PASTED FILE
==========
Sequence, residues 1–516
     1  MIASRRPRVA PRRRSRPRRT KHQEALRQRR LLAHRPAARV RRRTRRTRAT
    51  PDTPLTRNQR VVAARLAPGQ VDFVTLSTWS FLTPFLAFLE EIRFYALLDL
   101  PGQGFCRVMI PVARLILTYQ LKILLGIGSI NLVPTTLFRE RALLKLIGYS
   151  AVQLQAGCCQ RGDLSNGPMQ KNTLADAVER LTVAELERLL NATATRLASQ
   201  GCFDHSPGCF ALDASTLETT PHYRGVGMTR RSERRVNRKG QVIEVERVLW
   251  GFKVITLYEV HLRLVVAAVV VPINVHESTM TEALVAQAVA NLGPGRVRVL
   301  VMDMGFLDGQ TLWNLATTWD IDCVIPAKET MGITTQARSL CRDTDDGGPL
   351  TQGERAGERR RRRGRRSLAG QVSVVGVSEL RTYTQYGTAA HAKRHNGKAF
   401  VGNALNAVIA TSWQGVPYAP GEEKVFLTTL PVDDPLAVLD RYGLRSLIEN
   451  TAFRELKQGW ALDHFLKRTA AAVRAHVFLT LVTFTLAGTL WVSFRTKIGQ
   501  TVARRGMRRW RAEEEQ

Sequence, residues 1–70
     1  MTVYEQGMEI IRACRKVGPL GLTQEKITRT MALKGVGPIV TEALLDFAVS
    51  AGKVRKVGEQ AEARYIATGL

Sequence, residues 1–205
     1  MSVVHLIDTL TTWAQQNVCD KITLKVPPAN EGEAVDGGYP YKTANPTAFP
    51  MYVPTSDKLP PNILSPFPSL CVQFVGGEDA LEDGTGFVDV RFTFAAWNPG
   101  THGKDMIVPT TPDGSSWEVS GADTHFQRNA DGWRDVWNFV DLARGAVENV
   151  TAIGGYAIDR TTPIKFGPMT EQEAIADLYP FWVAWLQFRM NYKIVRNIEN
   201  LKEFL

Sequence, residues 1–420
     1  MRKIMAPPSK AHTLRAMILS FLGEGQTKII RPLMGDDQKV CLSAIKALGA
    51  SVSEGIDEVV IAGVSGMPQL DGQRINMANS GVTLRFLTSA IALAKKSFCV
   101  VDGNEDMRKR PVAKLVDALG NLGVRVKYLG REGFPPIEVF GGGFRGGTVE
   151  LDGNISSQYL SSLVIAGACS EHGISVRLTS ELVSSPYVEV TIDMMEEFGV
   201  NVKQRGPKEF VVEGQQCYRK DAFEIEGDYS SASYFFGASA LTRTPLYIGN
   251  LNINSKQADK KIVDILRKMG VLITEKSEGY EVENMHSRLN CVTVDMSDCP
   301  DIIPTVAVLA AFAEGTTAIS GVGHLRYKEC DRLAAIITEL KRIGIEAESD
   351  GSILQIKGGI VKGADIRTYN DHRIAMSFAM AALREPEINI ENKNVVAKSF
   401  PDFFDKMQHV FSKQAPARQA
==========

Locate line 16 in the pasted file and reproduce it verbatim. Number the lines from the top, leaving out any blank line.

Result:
Sequence, residues 1–205